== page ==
Anyways, to start things off: the media, as a whole, has completely bungled the storm. You've got MSNBC and CNN taking time to harangue the President about what he should or should not do; nevermind the fact that they're NOT contingency or Hurricane experts. NOR are they dealing with a complete set of facts, either. It was pure and simple, an attempt at bashing the President, because they think they caught him with his pants down, on this one. And the Media goes hand in hand with their leftist cronies that are prevalent throughout the fringes of the media-sphere. What total bullshit.

Newsflash, to the media at large: the local and state governments failed Louisiana utterly. If you take a look at how things were done in Alabama and Missisippi, it's a whole different world. In those areas, the people there were able to get at least some assistance from the local and state government's emergency services. Why? Because they had good plans in place. In Louisiana, the gov't forgot to do basic stuff. Like remove the elderly and sick. Like bring buses and emergency trucks to higher ground. Along with gas provisions. Moving generators (or backups) to upper floors of buildings, so that they can still function. Oh, and the emergency services were kept IN New Orleans- so that when the shit hit the fan, they'd need just as much help as those stuck in New Orleans. I'll get into all this at a later moment.

But what the media wanted was it's pound of flesh. And they misfired badly. They're attempting to reduce Bush to a caricature, in the very moment that they really need him to act- because the local gov't in Louisiana failed. The only ones who HAVE responed were the Federal government, and they did so largely WITHOUT the help of the LA. gov't. I mean, if you really want to take it to it's logical conclusion, Bush could easily say "Y'all know, if you really need my help, just ask. But since you're all too busy being partisan hacks towards me, in the most vilest sense possible, I'll just sit this one out until you apologize. And mean it." And he can walk off the stage, with the world having to turn it's focus on the vile nature of the media, and their supporters.

Don't get me wrong, the media in the US has always been a nasty affair. It was nasty during the American Revolution. It was nasty during the Civil War. And through the Gilded Age with Hearst and all that. However, back then they never made bones about things- if they were going to be nasty towards Abraham Lincoln, they'd say so. And why. They wouldn't hide behind a facade that's called "MAINSTREAM MEDIA" and pretend they're not partisan. Or that they care about the American people- when all they really care about is power. And they're being cheerleaded on by their friends from the left- be it the Michael Moore types, Sidney Blumenthal types, or the oddball leftist blogger.

The stuff that Bush and the American public have had to deal with is sick-

- Firstly, I really don't need to say that the Democratic Underground (DU) blogs are especially vile in their reaction to all this. If you dare go there, you'll see the true face of the modern democratic party there. I warn you, it's not pretty and Oh, and the GOP website? Nary a nasty word, towards anyone because of the hurricane.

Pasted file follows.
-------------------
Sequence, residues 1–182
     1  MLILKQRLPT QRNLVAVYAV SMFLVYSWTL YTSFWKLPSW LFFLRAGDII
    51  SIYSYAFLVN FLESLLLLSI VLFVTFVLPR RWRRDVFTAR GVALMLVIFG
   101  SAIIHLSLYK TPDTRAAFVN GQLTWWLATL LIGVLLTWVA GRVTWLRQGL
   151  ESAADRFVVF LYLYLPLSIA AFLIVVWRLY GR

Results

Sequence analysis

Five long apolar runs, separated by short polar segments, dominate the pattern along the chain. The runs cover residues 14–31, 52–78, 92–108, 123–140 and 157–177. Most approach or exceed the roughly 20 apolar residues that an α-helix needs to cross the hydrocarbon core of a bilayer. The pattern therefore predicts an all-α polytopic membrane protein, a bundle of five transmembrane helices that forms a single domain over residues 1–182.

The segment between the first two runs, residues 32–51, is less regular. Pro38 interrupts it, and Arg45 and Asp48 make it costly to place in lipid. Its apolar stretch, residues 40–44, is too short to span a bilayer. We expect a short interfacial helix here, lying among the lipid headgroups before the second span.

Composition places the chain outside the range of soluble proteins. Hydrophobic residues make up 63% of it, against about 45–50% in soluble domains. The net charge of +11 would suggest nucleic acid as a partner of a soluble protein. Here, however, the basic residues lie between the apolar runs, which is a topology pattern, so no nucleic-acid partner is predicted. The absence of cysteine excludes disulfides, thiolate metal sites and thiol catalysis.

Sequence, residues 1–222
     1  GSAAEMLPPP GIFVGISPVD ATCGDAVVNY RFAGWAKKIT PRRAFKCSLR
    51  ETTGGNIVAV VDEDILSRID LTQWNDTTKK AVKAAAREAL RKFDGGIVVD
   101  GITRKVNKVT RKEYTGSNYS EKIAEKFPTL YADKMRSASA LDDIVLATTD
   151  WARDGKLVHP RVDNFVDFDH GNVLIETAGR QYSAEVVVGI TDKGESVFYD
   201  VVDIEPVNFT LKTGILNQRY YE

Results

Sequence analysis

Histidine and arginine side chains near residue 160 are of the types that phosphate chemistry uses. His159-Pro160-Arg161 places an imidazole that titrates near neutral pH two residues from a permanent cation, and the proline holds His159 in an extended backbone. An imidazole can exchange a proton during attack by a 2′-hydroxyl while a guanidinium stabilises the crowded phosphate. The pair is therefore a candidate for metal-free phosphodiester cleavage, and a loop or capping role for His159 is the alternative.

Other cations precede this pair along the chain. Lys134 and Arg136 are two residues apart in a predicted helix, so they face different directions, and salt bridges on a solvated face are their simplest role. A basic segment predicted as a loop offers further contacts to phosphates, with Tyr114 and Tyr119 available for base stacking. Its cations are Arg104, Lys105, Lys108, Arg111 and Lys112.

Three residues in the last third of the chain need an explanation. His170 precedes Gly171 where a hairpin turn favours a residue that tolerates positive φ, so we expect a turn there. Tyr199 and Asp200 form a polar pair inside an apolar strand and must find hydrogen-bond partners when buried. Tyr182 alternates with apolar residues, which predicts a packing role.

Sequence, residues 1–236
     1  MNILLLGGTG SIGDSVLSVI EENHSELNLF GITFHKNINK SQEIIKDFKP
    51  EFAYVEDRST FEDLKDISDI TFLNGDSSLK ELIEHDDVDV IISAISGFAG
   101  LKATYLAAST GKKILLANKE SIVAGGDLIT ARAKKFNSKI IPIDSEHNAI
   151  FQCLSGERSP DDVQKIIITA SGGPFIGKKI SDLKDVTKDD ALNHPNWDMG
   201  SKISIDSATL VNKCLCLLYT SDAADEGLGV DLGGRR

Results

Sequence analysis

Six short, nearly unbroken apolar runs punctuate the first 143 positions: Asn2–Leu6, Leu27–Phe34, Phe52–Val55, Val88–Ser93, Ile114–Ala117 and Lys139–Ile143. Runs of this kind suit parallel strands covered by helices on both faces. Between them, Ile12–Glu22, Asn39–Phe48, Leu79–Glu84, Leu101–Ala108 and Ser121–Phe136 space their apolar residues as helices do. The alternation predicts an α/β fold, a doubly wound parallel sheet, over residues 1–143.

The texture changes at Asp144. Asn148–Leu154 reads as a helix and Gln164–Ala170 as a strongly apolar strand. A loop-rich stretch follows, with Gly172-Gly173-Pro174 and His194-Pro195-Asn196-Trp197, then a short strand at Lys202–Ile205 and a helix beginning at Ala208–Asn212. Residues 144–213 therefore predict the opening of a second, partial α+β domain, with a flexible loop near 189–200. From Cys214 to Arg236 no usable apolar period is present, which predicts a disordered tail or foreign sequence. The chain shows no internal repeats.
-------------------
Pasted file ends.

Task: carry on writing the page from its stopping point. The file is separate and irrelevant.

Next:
-Mayor Ray Nagnin ranting that the whole thing's Bush's fault, and plays the race card...and the media not calling him on it, one iota.,

- Air America basically repeating the type of whine that Kayne West gave:
and this

Reuters: more

- CNN and MSNBC taking time out to bitch about how they think that the war in Iraq has kept the Feds from mobilzing to help out in New Orleans. (MSNBC; Chris Matthews, and more) stuff on CNN, comparing it to Fox's work . (more on CNN) And to make matters worse, even BILL CLINTON yelled at CNN for their red meat attitude:

-New York Times using the race card to effectively try to say that Bush doesn't want to help New Orleans out because they're mostly black.

- Bush caused Global Warming and therefore caused the Hurricane.

- Bush was away playing golf while the hurricane hit land; no wait, they disproved that, so he was playing guitar instead

-E.J. Dionne being, well, E.J. Dionne. At least the Washington Post still has Charles Krauthammer. ( )

-And Sid Blumenthal being, wel, Sid Blumenthal. Hey, it's great he's doing this OVERSEAS. Assmunch.,1518,372455,00.html

- Kayne West- a lame hip hop artist who will be forgotten in two years, using his alotted airtime on a NBC disaster relief show to bitch about how the gov't gave blacks crack, and how Bush hates black people and is intentionally dragging his feet with the Federal response because of that (,2933,168387,00.html). Oh, newsflash, Mr. West: maybe somewhere in your pathetic little rant, you could tell me a little something: how come in all of that crap, you never ONCE ask the African-American community to get some goddamn well earned RESPONSIBILITY? Grow up, assclown.

- The AP taking cheap shots at the US:

- Democrats wanting to physically assault Bush:

- Robert F. Kennedy, JR. writing from the Huffington Post, proving that the Kennedy family legacy is dead, once and for all:

I think that will do, for now. But the left in America is sick. Someone put it out of it's misery already. I've had enough of this damn garbage.